Opinion – Diamonds in the rough: Christians can gain wisdom even when faced with controversial teaching
Editor’s Note: This piece reflects the writer’s personal opinions and experiences.
As I walked out of Convocation, Wednesday, Feb. 13, I felt encouraged and excited to speak with some of my hallmates on the sermon delivered by Pastor Jentezen Franklin. Instead, as the day progressed, I found myself increasingly blindsided as the campus around me focused on Franklin’s preaching that displayed his beliefs in the “prosperity gospel” and contemplated whether he was teaching that to us.
This all culminated at Campus Community, Liberty’s weekly worship service and Bible study, when Franklin spoke again, and those around me based their discussions entirely around whether Franklin’s teachings dipped into heretical territory.
While I appreciate the community around me being willing to call out questionable teaching, I am also conflicted as it seems nobody stopped to consider the solid things Franklin shared. As Christians who will experience bad teaching many times throughout our lives, we must be able to discern good knowledge that applies to our walks with Christ even when it is surrounded by shaky theology.
On Wednesday night at Campus Community, Franklin spoke a message that contained out-of-context verses and apparent misinterpretations of Scripture that many focused on, but in all of that, they missed some good teaching I found applicable in my own life. Franklin explained that good things are achieved all the time with the strength of man, but nothing eternally good is ever done separately from God – wisdom that I needed to hear.
There is almost always something positive to draw from lessons using God’s word if we are willing to look for it. When we ignore any positive aspects and solely criticize a sermon, we are ignoring practical biblical wisdom.
“The discerning heart seeks knowledge, but the mouth of a fool feeds on folly,” the book of Proverbs says (Proverbs 15:14 NIV).
When Jesus attended the Festival of Tabernacles (in John 7), onlookers questioned him, as they were unsure how he seemed to know so much despite lacking education. Jesus simply retorts that his teaching comes directly from God and that God will help listeners to determine whether his statements are true:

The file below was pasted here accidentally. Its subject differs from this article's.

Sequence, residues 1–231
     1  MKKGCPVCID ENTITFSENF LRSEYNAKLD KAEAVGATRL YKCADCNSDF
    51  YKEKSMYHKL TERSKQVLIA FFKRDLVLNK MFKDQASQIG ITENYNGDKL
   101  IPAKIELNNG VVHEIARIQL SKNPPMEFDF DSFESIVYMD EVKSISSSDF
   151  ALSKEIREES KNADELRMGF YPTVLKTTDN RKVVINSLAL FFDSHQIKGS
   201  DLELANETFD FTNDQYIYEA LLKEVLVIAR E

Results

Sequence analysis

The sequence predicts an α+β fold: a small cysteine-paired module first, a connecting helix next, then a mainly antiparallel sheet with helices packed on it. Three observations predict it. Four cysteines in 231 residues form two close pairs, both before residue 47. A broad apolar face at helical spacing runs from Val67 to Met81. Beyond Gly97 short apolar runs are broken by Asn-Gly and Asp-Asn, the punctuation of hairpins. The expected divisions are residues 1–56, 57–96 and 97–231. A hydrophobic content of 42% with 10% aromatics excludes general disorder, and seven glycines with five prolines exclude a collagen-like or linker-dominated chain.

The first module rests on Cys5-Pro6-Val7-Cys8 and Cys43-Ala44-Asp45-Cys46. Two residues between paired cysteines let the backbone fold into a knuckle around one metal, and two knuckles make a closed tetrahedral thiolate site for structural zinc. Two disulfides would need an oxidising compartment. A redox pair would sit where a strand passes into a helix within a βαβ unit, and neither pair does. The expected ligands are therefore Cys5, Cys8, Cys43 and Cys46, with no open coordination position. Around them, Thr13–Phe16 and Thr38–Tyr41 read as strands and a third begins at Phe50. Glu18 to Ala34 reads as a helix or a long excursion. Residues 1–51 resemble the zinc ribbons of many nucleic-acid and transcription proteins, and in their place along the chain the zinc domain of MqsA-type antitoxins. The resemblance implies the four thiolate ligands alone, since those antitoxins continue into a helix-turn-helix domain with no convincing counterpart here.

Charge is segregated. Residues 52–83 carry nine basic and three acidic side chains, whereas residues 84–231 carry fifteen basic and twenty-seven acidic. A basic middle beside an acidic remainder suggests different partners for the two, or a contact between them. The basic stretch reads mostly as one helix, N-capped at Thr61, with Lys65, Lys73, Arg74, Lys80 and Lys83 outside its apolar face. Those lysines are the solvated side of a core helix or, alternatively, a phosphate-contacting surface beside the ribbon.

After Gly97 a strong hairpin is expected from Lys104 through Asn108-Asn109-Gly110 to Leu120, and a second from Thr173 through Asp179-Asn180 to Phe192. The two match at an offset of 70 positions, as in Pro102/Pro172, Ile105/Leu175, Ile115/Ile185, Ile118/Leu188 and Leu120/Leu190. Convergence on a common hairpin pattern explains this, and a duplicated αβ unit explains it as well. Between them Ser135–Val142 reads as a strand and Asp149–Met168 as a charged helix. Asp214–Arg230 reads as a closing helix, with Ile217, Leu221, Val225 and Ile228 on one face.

“Anyone who chooses to do the will of God will find out whether my teaching comes from God or whether I speak on my own,” (John 7:17 NIV).
If we are following God as instructed, we should look to achieve this level of discernment with everything we hear. With Franklin, it seems as though many Liberty students’ discernment began and ended at pointing out everything that he did wrong.
My purpose here is not to defend Franklin’s theology or argue against the problems people had with his sermons. Instead, I warn against tuning out messages that you disagree with and especially against speaking on the character of Franklin. It is not for us to speak on the intent behind a teacher’s message.
The only people who possess the ability to discern Franklin’s intention are God and Franklin himself, so we should focus on other aspects of his time with us instead of conjecture.
“For who knows a person’s thoughts except the spirit of that person, which is in him?” (1 Corinthians 2:11 NIV)
Craft is the assistant news editor. Follow him on Twitter.